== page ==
The Romantic painters of the 18th Century focused on a more sensuous depiction
of nature and this influenced photographers to try and capture the natural landscape
in a similar vein.
John Constable, 1826
‘The Fighting Téméraire tugged to her last Berth to be broken up’
J. M. W. Turner, 1838
Some of the earliest natural landscape photographs were daguerreotypes and
taken by American and French photographers such as Samuel Bemis and
Alexandre Clausel. John Ruskin, the British art critic, used to make his own
daguerreotypes as preparation for drawings for his books on architecture.
Samuel Bemis, 1840
‘Landscape near Troyes, France’
Alexandre Clausel, 1855
Many photographers chose to document the wilderness of their own countryside.
This was particularly true of American photographers, who had a vast and varied
natural landscape to document.
‘The Behive Group of Geysers/Yellowstone Park’
William Jenry Jackson, 1872
‘Lake Tear of the Clouds ‘
Seneca Ray Stoddard, Late 19th Century
Early Portraits of the City
In addition to photographing the countryside, the city was also of great interest to
photographers. Suddenly, images of the city and its landmarks could be
distributed throughout the world. However, due to having to use such long
exposures, it was difficult in the early years to capture people without them blurring.
‘View of Paris Boulevard
Louis Daguerre, 1839
‘Bridge and Boats on the Thames’
Jean Baptiste Louis Gros, 1851
Cityscapes with People
As technology improved and film became more sensitive, photographers were able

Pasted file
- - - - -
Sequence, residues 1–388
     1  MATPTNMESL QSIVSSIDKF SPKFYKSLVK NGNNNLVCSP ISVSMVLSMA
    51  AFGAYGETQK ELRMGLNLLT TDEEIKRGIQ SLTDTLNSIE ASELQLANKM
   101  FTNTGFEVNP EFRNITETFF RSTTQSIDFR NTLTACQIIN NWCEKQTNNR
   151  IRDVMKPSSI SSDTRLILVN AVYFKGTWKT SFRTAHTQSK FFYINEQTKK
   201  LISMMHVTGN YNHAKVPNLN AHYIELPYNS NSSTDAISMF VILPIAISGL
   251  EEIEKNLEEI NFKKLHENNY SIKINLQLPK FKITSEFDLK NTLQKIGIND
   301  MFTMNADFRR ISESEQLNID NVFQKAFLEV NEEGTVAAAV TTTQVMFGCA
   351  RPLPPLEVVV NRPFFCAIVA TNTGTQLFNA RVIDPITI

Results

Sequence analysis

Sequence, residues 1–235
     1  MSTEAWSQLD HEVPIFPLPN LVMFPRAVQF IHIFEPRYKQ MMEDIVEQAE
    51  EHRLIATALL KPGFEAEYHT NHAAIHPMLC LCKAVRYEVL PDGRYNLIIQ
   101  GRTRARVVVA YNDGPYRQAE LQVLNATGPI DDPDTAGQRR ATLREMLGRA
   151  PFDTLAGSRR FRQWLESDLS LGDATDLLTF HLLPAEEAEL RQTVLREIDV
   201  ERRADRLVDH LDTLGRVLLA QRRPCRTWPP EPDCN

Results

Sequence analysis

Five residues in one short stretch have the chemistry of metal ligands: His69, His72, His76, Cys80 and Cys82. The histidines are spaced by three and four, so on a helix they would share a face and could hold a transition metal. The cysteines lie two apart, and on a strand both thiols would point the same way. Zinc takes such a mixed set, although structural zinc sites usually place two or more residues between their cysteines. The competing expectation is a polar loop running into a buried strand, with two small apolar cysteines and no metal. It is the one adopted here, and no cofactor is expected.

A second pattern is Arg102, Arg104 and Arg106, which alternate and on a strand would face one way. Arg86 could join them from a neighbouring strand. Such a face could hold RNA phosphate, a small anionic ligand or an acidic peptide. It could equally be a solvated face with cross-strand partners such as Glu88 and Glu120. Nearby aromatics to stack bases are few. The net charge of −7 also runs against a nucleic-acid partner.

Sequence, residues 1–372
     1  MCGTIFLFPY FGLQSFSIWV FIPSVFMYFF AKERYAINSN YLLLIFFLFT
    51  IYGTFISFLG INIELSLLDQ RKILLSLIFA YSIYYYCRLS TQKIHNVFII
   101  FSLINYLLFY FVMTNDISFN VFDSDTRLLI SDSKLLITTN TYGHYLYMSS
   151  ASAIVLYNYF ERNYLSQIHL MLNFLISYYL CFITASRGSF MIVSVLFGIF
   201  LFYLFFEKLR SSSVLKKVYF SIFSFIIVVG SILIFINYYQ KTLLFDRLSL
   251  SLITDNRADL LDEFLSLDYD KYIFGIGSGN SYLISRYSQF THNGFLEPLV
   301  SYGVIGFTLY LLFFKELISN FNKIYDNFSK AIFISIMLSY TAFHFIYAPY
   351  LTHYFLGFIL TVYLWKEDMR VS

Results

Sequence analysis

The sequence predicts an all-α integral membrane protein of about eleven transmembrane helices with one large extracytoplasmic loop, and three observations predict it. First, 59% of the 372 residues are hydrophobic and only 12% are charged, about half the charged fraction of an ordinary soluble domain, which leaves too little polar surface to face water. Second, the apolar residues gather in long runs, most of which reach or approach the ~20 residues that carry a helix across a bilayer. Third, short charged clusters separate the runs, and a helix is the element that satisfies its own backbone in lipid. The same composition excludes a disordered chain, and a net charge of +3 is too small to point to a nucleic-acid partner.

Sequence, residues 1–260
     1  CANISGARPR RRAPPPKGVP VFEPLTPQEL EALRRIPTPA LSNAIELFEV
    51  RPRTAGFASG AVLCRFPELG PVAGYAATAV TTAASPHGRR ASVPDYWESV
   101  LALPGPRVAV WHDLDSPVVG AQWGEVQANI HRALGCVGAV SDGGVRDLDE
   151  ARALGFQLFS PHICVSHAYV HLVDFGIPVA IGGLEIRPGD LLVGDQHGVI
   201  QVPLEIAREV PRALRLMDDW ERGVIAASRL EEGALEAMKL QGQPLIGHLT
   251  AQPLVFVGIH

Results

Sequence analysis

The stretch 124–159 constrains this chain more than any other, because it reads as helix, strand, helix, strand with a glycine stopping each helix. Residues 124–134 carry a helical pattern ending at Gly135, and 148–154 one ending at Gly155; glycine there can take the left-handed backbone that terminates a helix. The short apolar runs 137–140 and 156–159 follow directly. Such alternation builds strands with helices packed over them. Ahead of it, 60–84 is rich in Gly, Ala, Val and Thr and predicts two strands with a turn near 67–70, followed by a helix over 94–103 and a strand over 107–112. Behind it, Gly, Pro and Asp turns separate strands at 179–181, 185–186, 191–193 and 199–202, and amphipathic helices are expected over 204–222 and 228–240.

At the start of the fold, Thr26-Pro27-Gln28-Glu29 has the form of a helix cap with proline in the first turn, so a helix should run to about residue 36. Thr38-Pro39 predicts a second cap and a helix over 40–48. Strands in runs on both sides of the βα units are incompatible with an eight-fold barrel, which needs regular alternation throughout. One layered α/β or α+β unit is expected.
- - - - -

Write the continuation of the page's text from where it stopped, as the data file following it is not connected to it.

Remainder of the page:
to capture city street scenes with people moving around.
‘New York Street Scene’
Edward Anthony, 1859
‘Covent Garden Market’
The Traveling Photographer
Expeditions overseas were expensive, so the few photographers that were
wealthy enough to travel outside Europe and America set out to capture exotic
landmarks that would allow people to see the ‘wonders of the world.’
‘The Colossus of Abu Simbel’
Maxime Du Camp, 1850
‘Ruins of the Kabah Palace’
Desire Charnay, 1858
The 1800s brought about many technological changes as the Industrial
Revolution changed the landscape of the city and suburbs, leading to vast
industrial structures and factories being built.
‘Great Eastern Under Construction
Robert Howlett , 1857
‘Exposition: Palais du Champ du Mars’
Louis Emmanuel Alexandre Quinet , 1878
As air flight became possible and structures grew, photographers were able to
get to great heights and take photos from aerial viewpoints.
‘Boston from the Air’
James Wallace Black , 1860
Nadar , 1868
Adding colour to landscapes
From as early as the 1860s photographers were adding colour to their prints,
painting with dyes. They then started to experiment in the darkroom, adding
coloured pigments to their positive prints.
Louis Ducos du Huron, 1874
Felice Beato, 1864
In the world of Fine Art, many painters rejected realism as a result of the efficiency
with which photography could replicate scenes in such vivid reality. Instead, they
decided to paint more impressionistic interpretations of the environment,
focusing on light and atmosphere.
‘Cornfield with Cypress’
Vincent Van Gogh, 1889
‘Houses of Parliament’
Claude Monet, 1906
Some photographers were also keen to define photography as something
unique and not just a scientific representation of the world. They tried to capture
the mood and atmosphere of a scene similar to the impressionists. This
photographic movement came to be known as ‘Pictorialism’.
Edward Steichen, 1905
‘The Onion Field’
George Davidson, 1890
Atmosphere & Lighting
Brassai was a French photographer, who became famous for his ominous and
atmospheric portraits of Paris.
‘Paris in Fog’
As modernism took its roots, art work become more and more abstract, which
influenced some photographers to focus on more formal elements such as line, form
Alfred Stieglitz, 1926
‘New York Skyscraper’
E.O Hoppe, 1920s
Many artists started to experiment with a range of different media, not restricting
themselves to a career in one medium. A new generation of photographers started
to express their ideas through photography. The concept of a landscape came to refer